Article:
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Tuesday, April 6, 2010

Shapes of Trees

 

spreading maple limbs

How often do we think about the shapes of trees? Whole trees? Big trees? Many trees can be identified just by their shapes. One of the really interesting things about the place I hiked yesterday (Orchard Beach State Park), is that 80 to 100 years ago it was very open. The reason I know this is that scattered throughout the current forest are trees like this particular one.

Trees that grow up in the open look very different from those that are crowded in a woods. Their branches have room to spread out, and they do just that. The one pictured above is a sugar maple. The one below is a red oak.

spreading red oak

There are still some nice open areas toward the back of this set of trail loops. I've seen a fox there. It's a nice place because it's just some open grassy hills sort of hidden by a surrounding ring of trees. It's not totally absent of man-made noises, but it's not bad.

spreading maple tree

This is another large maple near the edge of one of the open spaces. I didn't go over to see what kind it is, but my guess is sugar maple or Norway maple. I just liked the symmetrical shape of its silhouette.

tulip tree

Finally, this is one of the reasons I love to go to this trail. This tree, with a distinctive shape is a tulip tree, Liriodendron tulipifera. However, you seldom see one growing out in the open like this so that you can see its silhouette.

I have more to show you about this tree, but we are having thunderstorms, and I have to get off the computer, so it will have to wait till tomorrow!



11 comments:

VanillaSeven said...

Interesting tree shapes! :D

RNSANE said...

How wonderful to see these huge trees out in the open like this, minus their leaves! They are so splendid.

Emma Springfield said...

Hello, Sharkbytes. I came over from Nature Center Magazine. Imagine my surprise at finding these lovely trees. I have been experiencing such an affinity for trees lately that I've been joking about becoming a dryad. I don't believe I ever heard of a tulip tree. I'll have to do some research, won't I?

JOE TODD said...

Love all the varied shapes in nature. I'm always looking for letters of alphabet in trees and grapevines

Duxbury Ramblers said...

I have seen the Tulip Tree - Liriodendron tulipifera (stunning tree) and it's cousin L. chinense, not native here, as I have said before we get them in our parks, I saw them in Ness Gardens, Liverpool, on the Tree Trail. They are also popular in private gardens.
Carol.

Secondary Roads said...

Most interesting. Across the road from our Connecticut home stood an ancient oak tree. It was surrounded by much younger growth. But there it was looking like a massive candelabra.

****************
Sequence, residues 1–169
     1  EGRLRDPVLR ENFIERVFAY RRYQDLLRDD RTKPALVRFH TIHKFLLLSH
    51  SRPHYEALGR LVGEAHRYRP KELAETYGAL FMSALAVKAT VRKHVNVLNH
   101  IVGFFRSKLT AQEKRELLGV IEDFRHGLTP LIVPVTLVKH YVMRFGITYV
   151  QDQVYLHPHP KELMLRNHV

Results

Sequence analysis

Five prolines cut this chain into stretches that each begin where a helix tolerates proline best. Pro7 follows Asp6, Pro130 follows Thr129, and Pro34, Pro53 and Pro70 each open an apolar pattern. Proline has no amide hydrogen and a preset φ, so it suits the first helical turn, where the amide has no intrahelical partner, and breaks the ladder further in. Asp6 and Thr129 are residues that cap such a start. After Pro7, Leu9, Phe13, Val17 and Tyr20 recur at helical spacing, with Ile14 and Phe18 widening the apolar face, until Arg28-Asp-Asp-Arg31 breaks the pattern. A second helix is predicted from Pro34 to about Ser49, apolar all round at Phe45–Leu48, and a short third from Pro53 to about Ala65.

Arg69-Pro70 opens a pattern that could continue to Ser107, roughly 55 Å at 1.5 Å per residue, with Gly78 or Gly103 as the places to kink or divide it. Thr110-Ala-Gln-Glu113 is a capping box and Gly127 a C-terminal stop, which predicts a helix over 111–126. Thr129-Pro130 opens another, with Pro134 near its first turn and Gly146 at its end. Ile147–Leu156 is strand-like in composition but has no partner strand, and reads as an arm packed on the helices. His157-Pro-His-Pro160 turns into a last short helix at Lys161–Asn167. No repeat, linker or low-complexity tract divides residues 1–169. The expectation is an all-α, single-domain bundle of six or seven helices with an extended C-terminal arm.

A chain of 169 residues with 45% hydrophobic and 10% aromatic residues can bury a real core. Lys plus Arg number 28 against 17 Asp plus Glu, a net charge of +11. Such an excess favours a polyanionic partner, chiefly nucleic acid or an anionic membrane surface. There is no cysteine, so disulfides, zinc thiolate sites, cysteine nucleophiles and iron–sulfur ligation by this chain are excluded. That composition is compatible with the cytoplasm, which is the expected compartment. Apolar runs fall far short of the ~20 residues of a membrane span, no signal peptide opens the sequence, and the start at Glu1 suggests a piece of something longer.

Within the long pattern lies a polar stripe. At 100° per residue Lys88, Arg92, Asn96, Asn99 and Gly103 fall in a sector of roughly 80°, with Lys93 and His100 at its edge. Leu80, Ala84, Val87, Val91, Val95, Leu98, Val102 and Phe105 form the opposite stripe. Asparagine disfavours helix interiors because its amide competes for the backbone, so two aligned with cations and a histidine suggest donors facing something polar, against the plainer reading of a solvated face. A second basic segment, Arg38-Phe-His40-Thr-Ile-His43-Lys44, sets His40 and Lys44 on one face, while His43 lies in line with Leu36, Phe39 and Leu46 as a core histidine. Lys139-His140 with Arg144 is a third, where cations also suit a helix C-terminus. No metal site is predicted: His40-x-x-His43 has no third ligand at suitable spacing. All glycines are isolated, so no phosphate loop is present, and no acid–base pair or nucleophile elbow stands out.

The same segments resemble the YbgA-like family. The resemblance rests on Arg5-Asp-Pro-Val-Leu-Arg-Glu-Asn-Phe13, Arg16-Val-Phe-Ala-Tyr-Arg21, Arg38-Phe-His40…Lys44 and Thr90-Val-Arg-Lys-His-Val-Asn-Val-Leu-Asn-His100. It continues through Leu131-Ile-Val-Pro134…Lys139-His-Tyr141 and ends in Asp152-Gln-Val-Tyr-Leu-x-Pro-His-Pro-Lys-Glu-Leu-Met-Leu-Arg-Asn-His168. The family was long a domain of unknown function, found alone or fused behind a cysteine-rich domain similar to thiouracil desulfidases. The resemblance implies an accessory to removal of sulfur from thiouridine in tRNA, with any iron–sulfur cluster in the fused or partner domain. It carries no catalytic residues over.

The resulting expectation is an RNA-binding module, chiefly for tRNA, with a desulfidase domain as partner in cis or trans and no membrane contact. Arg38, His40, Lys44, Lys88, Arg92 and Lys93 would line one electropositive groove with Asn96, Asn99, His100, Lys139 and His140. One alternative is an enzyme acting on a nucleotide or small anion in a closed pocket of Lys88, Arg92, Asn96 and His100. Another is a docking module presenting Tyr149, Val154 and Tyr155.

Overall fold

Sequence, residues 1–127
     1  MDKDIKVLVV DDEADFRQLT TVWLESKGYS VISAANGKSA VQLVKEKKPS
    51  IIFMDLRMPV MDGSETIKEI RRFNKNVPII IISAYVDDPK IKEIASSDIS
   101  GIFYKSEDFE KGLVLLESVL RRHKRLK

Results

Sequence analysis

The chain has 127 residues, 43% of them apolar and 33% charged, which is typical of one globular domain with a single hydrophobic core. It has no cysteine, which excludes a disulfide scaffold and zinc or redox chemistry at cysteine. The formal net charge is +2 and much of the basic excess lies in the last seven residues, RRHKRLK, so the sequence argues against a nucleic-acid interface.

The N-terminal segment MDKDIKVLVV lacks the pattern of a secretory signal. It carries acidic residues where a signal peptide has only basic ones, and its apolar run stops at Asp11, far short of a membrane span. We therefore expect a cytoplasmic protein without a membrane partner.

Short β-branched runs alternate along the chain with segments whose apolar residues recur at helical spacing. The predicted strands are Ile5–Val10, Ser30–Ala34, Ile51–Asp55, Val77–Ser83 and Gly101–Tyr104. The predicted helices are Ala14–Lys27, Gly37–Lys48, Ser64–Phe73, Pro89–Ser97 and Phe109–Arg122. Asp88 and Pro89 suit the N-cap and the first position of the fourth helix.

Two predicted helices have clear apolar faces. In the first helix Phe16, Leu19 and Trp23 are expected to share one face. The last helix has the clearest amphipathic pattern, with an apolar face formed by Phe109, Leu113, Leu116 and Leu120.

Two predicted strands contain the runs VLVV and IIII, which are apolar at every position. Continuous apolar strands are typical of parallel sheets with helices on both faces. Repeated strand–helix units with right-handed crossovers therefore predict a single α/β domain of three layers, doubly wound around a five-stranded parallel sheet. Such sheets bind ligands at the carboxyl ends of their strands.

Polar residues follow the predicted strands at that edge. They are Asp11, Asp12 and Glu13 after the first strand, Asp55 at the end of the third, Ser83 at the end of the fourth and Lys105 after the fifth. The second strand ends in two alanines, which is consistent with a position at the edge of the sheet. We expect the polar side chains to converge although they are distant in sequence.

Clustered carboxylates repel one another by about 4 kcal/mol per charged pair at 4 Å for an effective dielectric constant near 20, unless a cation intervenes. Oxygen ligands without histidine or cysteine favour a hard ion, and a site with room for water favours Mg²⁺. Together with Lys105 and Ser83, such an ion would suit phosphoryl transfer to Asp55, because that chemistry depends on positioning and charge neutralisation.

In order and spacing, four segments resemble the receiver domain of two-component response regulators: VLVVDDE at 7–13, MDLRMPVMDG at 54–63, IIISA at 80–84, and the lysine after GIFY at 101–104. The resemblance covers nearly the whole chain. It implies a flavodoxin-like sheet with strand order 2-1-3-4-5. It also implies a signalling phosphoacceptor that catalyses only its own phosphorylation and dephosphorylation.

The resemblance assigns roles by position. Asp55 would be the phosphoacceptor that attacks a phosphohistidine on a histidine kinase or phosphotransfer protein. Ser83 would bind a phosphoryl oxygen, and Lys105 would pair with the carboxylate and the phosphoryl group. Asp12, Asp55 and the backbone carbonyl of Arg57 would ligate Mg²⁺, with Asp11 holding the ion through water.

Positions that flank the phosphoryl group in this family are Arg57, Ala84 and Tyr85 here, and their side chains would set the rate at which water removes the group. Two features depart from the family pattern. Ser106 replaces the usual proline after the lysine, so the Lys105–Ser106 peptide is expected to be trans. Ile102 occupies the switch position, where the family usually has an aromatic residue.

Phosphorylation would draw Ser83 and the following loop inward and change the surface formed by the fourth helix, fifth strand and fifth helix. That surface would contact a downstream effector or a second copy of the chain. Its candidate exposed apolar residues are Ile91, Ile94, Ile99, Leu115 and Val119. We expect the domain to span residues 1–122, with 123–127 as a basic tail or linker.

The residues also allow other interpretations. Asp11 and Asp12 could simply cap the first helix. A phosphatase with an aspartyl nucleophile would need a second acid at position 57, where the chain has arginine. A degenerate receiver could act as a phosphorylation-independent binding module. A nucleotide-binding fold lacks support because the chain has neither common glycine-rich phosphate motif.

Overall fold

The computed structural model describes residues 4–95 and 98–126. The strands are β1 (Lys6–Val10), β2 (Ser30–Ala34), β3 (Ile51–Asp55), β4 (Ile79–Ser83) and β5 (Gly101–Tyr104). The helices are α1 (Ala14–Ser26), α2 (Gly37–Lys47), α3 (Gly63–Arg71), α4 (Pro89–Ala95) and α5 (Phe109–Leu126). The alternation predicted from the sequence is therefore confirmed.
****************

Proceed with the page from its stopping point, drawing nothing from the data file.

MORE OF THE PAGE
rainfield61 said...

You picture those trees, I talk to mine in my hiking trail.

Ann said...

It's amazing to me the way some trees grow. The difference in their shapes are so interesting. That first picture is different with it's limbs so close to the ground.

Poetic Shutterbug said...

Love the shape of the tulip tree. I always notice trees. I cannot tell you how many times I've tripped in pathways and streets, looking up at trees. Their different shapes and branches and leaves is what makes them so beautiful all in their own way.

Ratty said...

I pay a lot of attention to trees, but I've mostly been trying to identify them by the look of their bark. I honestly never considered that the shape would be influenced by their environment. It makes perfect sense, and now that you say it I remember I've heard similar things about that before. I'll be looking at tree shape now. That's another one in my long list of things I've learned from you.

Sharkbytes said...

Vanilla- you are welcome! The more I share, the more I learn too.

Carmen- I have a friend who just hunts for these big trees to take their pictures.

Copas- thanks! Things are starting to green up now, but our 2 weeks with no rain slowed it down. But I do have a little fern for tomorrow.

Hi Emma- hope some of your tulip tree questions were answered today.

Hey Joe! Grapevines is a good idea for those letters.

Carol- I haven't seen the L. chinense. You are ahead of me!

Chuck- Yup! You've described it perfectly.

rainfield- I know you are making them happy!

Ann- yes, many of the big ones in this area retained their low branches. Makes me think there weren't many deer either.

Jo- if you ever meet my Treeweenie friend I'll never get you to watch where you are going!

Ratty- glad to oblige. Every time I share something, I learn a little bit more myself.

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